The Spirit Of Healing
By Colette Parsons
Colette is an Urban Designer,
Planner and Landscape Architect
practicing in Vancouver
Photograph of Stinson Beach
Having had cancer has allowed me certain freedoms I never had prior to my illness. One of those freedoms is the ability to talk openly and candidly about my experience. This piece entitled The Spirit of Healing comes from a place deep inside. A place from which we all have the ability to seize and harness energy, but a place few of us tap into until we are confronted with a crisis in our lives. How each person harnesses his or her ability to heal is as different as each person is different.
From my experience with discovering the spirit with which I could heal, I have come to realize that there is a code of silence which surrounds life threatening illnesses, especially cancer. Nobody wants to hear about it, nobody ultimately wants to talk about it. There is a superstition that by talking about cancer, it will invite the illness into our lives. If we invite cancer into our lives, come in contact with it, we may contract it ourselves. People fear what they do not understand and often are not willing to educate themselves to overcome their fears.
I believe it is imperative to hear the voices behind that code of silence. Part of the impetus for this piece is to be one of those voices - to share with you my illness and the aspects of the environment which, I feel, affected its course.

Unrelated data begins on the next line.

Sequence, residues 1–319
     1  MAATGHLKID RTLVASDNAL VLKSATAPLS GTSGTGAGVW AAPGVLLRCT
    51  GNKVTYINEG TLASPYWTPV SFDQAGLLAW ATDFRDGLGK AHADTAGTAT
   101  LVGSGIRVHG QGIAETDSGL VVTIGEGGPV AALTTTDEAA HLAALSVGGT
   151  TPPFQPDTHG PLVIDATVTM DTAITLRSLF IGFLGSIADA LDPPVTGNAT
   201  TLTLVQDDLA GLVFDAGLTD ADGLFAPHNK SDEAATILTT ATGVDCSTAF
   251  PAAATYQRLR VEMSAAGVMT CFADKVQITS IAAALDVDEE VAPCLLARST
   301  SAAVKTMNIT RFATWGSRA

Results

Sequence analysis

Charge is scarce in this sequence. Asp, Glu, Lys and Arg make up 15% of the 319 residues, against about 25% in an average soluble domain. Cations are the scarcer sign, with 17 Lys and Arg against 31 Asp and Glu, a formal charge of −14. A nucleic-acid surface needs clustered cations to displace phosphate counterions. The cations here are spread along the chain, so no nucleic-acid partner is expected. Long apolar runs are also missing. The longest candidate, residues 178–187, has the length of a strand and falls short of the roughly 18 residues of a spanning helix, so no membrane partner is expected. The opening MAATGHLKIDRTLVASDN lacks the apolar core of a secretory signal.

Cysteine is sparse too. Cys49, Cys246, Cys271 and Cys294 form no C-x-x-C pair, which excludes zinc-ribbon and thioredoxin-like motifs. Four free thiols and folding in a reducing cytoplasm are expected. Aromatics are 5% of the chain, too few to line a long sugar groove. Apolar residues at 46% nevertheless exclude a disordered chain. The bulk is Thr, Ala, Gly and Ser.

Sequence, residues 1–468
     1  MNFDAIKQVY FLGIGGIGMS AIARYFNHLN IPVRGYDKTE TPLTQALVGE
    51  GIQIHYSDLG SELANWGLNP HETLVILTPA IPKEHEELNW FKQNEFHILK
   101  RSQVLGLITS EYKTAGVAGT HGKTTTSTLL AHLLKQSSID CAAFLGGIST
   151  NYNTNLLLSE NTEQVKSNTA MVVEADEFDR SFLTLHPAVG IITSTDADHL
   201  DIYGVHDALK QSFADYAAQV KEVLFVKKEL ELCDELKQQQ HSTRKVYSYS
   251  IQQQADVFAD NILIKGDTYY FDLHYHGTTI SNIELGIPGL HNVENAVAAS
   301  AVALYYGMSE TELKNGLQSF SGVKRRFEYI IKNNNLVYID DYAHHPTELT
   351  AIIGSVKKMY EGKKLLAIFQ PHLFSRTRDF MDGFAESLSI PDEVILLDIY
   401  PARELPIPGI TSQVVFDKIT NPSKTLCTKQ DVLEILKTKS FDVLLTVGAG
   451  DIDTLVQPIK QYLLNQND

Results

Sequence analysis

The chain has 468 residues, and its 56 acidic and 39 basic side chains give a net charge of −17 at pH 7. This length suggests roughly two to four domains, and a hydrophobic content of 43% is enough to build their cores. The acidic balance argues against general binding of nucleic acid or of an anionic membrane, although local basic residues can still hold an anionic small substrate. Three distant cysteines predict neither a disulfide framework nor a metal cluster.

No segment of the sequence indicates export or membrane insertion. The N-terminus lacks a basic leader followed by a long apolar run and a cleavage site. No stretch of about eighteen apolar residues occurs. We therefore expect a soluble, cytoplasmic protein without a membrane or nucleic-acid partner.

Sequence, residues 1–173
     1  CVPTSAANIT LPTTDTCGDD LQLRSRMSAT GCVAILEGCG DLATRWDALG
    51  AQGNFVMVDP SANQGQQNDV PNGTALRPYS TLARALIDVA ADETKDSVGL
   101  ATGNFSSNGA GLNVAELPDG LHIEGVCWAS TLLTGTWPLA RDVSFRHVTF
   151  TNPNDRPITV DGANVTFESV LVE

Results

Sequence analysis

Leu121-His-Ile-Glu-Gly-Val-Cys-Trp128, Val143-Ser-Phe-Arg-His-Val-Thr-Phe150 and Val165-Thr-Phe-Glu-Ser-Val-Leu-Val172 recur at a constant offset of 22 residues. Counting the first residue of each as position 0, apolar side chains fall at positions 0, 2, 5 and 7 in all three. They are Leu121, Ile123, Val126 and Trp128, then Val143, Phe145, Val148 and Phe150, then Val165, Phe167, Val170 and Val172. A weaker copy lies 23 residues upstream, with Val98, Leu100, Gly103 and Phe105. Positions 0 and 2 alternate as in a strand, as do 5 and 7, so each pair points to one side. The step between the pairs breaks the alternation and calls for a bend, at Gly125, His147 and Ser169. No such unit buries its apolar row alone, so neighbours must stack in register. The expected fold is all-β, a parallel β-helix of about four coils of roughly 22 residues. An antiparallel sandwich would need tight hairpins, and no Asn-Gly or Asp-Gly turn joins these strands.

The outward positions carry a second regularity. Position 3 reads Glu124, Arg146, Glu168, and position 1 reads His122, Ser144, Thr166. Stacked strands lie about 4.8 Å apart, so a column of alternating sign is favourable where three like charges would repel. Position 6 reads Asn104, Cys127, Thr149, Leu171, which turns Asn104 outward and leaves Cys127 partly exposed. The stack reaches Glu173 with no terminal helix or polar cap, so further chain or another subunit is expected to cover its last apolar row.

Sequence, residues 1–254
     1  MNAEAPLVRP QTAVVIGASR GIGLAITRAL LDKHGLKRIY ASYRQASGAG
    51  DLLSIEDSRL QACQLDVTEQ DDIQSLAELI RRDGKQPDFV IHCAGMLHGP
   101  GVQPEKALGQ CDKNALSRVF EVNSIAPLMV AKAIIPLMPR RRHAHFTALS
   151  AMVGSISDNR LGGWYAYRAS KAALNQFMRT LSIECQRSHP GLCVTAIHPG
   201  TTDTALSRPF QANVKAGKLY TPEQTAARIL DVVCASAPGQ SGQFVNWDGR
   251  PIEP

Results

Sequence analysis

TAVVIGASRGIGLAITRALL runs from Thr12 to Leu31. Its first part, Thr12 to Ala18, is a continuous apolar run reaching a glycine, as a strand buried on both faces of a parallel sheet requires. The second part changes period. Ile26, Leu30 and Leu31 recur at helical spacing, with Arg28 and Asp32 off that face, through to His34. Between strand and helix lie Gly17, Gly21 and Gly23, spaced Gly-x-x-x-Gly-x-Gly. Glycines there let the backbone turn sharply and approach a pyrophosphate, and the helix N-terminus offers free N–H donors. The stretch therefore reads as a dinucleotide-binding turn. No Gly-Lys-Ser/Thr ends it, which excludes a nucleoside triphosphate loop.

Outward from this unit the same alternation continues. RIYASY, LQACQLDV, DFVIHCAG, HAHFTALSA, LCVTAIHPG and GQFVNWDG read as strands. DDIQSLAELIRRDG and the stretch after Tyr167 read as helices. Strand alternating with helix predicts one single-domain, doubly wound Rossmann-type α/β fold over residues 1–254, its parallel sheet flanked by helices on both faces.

Background And Context
In the fall of 1991, at twenty nine years of age, I was diagnosed with lymphoma, a cancer of the lymph system. As some background, there are several types: carcinoma's, sarcoma's, Ieukaemia's and lymphoma's. Cancer is an abnormal mutant cell whose rapid division is dangerous to our physiology. Contrary to popular belief cancer cells do not grow more rapidly than normal cells. They merely divide more rapidly causing the malignancy to advance faster. Carcinoma's are cancers related to the skin. Sarcoma's are cancers arising in the bone and their connective tissues. Leukaemia's affect the blood system and lymphoma's are cancers of the lymph system.
Many lymphoma's are manifested in the lymph nodes and are characterized by enlarged or swollen lymph nodes and glands. My lymphoma affected my entire lymph system and manifested itself as small bumps just below the surface of the skin. Although the prognosis for lymphoma is usually good, I had a rare and aggressive form which was difficult to treat. I did, however, have two things going for me. I was young and in excellent shape. I had exercised regularly all my life, eaten well, never smoked and I drank moderately. I was not what one envisions when one thinks of a candidate for cancer.